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June's Microsoft Authenticator for Android update reflects an effort to move enterprise tech security forward.
The password-management app lets Android users go passwordless, where they use their phones instead of a password to log in to a service, and it provides an avenue for multi-factor authentication. It supports Microsoft services like its email product Outlook and its cloud-storage option OneDrive, as well as logging in to third-party accounts like Facebook, Dropbox and Google. The June update enables users to see their recent account activity, update their security information and change passwords directly in the app.
The features in this update were made available in the iOS version of the app last spring.
Holger Mueller, vice president and principal analyst at Constellation Research, said Microsoft's continued support of the feature could prove helpful to IT admins looking to make logging in to enterprise accounts easier.
"Microsoft makes strides to support the future of work by bringing key admin and security features to mobile devices" with this move, he said. "Combining smartphone and other platforms for admin and security purposes is a successful strategy that finds the right compromise between security and convenience."
Security is a pain point
Forrester Research analyst Andrew Hewitt noted that having passwords that are frequently updated and sufficiently complex was important for businesses to remain secure. That can be difficult for the user, who must routinely pick passwords that are easy to remember, but difficult to break.
"That's one of the big issues: getting people to have those updated passwords, and make sure you're doing that on a regular cadence," he said. "Password managers can really help, in terms of keeping the complexity of the password and the frequency of password changes, but also not requiring them to remember a 15-digit password."
The explosion of remote work in the wake of the COVID-19 pandemic, Hewitt said, made password security especially critical, as more and more workers are logging in from outside the corporate network.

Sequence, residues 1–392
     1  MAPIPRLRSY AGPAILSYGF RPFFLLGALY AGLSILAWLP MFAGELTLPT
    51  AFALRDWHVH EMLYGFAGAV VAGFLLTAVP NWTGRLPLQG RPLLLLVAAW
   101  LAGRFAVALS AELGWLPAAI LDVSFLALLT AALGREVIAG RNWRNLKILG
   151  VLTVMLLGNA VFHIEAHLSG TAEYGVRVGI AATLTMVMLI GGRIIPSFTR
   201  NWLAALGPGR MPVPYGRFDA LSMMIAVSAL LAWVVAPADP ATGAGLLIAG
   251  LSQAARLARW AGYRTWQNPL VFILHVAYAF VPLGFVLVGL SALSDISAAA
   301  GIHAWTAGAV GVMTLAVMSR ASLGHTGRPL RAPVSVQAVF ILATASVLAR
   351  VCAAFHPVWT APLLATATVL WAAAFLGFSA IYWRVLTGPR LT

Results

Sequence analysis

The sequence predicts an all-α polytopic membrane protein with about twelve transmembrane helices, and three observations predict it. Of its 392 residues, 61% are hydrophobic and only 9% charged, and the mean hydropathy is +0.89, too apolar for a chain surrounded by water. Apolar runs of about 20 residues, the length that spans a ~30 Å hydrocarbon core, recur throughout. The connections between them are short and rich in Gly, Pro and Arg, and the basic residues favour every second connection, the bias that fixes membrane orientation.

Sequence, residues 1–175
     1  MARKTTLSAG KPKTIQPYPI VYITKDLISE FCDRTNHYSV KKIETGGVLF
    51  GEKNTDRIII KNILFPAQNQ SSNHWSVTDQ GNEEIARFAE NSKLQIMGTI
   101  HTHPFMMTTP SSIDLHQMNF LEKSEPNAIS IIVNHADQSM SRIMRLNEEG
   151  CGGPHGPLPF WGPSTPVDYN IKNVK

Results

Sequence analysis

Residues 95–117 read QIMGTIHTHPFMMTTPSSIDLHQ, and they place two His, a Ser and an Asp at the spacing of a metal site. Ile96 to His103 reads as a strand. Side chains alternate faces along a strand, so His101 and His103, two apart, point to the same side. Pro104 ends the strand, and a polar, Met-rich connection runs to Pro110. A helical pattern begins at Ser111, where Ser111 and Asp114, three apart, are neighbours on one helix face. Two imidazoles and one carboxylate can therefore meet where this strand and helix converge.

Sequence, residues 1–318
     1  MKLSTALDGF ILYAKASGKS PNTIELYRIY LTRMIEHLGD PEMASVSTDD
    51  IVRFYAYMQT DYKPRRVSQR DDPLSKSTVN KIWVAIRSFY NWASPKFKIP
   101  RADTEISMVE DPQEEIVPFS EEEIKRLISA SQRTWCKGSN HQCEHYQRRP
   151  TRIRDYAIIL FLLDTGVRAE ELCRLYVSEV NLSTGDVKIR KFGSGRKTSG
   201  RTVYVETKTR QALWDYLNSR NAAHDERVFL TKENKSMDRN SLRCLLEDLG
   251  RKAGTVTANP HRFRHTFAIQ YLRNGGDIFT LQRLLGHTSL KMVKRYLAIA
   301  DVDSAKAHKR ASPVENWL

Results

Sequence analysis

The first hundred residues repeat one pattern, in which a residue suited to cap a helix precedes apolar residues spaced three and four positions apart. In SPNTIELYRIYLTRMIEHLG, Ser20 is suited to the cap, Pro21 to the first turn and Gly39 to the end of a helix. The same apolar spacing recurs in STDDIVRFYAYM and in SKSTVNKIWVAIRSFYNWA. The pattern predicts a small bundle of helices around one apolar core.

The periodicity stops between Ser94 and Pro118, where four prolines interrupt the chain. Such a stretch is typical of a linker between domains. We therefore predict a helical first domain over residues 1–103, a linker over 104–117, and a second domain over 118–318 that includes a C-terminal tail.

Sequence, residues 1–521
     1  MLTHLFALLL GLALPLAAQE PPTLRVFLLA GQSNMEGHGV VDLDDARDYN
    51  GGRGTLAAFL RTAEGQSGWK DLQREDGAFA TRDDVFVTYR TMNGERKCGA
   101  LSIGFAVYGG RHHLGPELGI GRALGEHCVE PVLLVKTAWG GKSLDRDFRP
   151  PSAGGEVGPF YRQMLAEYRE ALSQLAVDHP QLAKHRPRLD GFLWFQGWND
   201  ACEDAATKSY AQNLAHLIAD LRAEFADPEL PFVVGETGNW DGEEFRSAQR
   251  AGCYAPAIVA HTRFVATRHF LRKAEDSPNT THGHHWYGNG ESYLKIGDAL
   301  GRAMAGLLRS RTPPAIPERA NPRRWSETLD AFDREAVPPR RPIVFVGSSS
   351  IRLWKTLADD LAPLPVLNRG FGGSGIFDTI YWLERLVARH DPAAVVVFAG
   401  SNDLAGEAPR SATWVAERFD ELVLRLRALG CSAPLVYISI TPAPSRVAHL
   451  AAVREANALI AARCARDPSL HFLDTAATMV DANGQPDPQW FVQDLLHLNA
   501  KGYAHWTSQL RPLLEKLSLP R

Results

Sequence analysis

Mark Bowker, senior analyst at Enterprise Strategy Group, said password managers have become an important tool for businesses as security practices have evolved.
"Usernames and passwords no longer are adequate," he said. "Even though most companies rely on usernames and passwords for authentication, I think companies' eyes were starting to open, prior to COVID-19, that [they] were no longer acceptable."
Hence, Bowker said, Microsoft's drive to incorporate smartphones -- devices that are already in the pockets of most users -- into securing accounts.
Mueller, though, said he would have liked to have seen greater parity between the various OS versions of the app.
"One could only wish that Microsoft [would release updates] at the same time for iOS and Android -- the No. 1 smartphone OS on this planet -- [which is] something Microsoft stumbled again with this release," he said.
The future of security
Bowker believes enterprises will add new means of authentication in the future, although he does not believe usernames and passwords will be going extinct anytime soon.
"The user will have to enter their username and password less often," he said, adding that security may focus more on biometrics in the future, perhaps even using the fingerprint scanners or facial identification measures that are now being built into phones. "COVID-19 will only accelerate the value of those, and how companies want to use them."
A situation in which the password is minimized -- or even eliminated entirely -- while stronger measures like biometrics are favored, Hewitt said, might be both simpler for users and more secure for businesses.
"A passwordless [option] is really something [that] can improve security, but doesn't require someone's brainpower to memorize everything," he said.